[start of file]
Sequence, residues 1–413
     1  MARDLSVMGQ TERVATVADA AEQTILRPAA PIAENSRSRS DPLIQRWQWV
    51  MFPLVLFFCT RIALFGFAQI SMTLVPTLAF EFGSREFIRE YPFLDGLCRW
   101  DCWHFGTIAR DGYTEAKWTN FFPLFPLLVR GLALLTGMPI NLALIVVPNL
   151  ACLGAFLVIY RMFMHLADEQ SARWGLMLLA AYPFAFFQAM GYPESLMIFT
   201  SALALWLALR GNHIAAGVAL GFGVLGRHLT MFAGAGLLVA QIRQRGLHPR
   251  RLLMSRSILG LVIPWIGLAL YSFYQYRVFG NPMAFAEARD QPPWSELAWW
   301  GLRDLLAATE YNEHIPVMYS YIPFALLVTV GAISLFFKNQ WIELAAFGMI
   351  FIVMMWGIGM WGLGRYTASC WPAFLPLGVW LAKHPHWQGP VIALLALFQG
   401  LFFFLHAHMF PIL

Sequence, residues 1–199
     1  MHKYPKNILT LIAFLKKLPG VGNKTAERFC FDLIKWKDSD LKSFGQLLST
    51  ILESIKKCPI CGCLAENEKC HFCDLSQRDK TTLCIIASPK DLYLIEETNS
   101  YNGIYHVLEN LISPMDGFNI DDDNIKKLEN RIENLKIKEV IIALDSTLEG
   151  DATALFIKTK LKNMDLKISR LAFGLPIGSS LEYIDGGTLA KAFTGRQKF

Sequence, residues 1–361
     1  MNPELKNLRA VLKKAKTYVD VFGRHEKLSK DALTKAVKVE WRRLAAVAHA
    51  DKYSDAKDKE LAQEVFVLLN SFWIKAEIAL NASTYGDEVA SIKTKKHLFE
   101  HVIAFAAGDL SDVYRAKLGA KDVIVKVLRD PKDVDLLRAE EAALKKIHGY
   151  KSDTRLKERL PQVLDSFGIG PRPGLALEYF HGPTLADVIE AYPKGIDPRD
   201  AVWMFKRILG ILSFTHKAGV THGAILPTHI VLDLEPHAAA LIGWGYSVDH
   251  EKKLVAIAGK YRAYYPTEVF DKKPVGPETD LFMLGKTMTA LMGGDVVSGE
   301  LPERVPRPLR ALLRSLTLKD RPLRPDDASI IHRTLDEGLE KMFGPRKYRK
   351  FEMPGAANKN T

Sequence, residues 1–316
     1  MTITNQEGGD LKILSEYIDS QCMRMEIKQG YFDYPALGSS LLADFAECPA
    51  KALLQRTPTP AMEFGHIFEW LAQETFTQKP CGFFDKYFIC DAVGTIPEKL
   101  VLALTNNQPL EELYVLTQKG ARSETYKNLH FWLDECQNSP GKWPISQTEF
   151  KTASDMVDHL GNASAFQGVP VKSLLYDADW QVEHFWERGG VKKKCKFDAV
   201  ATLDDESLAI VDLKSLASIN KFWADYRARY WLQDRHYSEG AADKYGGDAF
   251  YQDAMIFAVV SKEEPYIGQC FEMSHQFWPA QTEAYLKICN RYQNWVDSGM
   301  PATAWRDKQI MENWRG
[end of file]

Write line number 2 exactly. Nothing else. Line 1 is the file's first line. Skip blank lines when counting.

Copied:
     1  MARDLSVMGQ TERVATVADA AEQTILRPAA PIAENSRSRS DPLIQRWQWV